Today, New York’s American Museum of Natural History (AMNH) revealed new details about its plans for the Richard Gilder Center for Science, Education, and Innovation—a 235,000-square-foot expansion and renovation designed by Studio Gang Architects.
At a press conference, Ellen Futter, the institution’s president, made the case for the $340 million project, citing pressing issues such as climate change, habitat and species loss, and threats to human health. “In the post-truth era,” she said, “the museum’s role in presenting scientific evidence has never been more critical.”
The new Gilder Center is intended to support AMNH’s educational and research initiatives with facilities such as an immersive “Invisible Worlds” theater focused on microscopic life forms, a dedicated space for its popular living butterfly exhibit, and new classrooms and learning labs. But it also aims to improve circulation and relieve congestion inside the mazelike museum, which comprises more than 25 contiguous structures, including the original wing by Calvert Vaux and J. Wrey Mould (1877) and Polshek Partnership’s Rose Center for Earth and Space (2000).
Jeanne Gang, Studio Gang founding principal, refers to Gilder as an “innie,” meaning it will protrude only slightly from the AMNH’s rear facade, facing Columbus Avenue, with a bowed granite-clad facade and a revamped entrance. But the new center will penetrate deep inside the museum’s fabric. This strategy will help conserve the green space and stately trees of the public park that surrounds the museum. The arrangement, with little new building envelope, also provides a high degree of thermal buffering and self-shading.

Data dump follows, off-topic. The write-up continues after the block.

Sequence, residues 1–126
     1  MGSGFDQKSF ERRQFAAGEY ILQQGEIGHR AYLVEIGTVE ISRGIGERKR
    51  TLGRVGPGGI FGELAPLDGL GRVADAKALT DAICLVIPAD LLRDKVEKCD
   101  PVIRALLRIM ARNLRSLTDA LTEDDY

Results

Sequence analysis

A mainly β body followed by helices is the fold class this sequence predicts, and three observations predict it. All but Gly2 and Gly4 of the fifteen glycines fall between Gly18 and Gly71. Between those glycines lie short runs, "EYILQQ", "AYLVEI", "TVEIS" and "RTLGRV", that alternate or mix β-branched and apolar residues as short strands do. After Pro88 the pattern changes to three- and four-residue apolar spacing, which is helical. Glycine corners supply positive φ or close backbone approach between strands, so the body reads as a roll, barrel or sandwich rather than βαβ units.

Inside, the new center’s main civic space will be an atrium-like exhibition hall with curvaceous concrete walls that resemble caverns and canyons shaped by hydrologic flows, explained Gang. The skylit hall will drive daylight into the museum and link the main entrance on Central Park West with the new Columbus Avenue entrance on the opposite facade. In all, the addition and renovation will touch 10 existing buildings and create 30 new connection points over its five levels. Three structures will be demolished to accomplish this.
In addition to making spatial connections, the project also aspires to connect visitors with previously hidden aspects of the museum. For example, one of the main features of the new exhibition hall will be a glass-enclosed, multi-level “collections core,” which will house more than 3.9 million specimens and artifacts. The objects, including fossils, bees, and meteorites, had been stored out of view of the public. But after the project is complete they will be visible from multiple vantage points, including walkways that span the hall, explained Ralph Appelbaum, the project’s exhibit designer. “It will provide the most unique link to nature that any city has,” he said.
The project was approved by New York’s Landmark’s Preservation Commission in October and is slated to open in 2020 to coincide with the museum’s 150th anniversary. So far, $277 million has been raised from both public and private sources.
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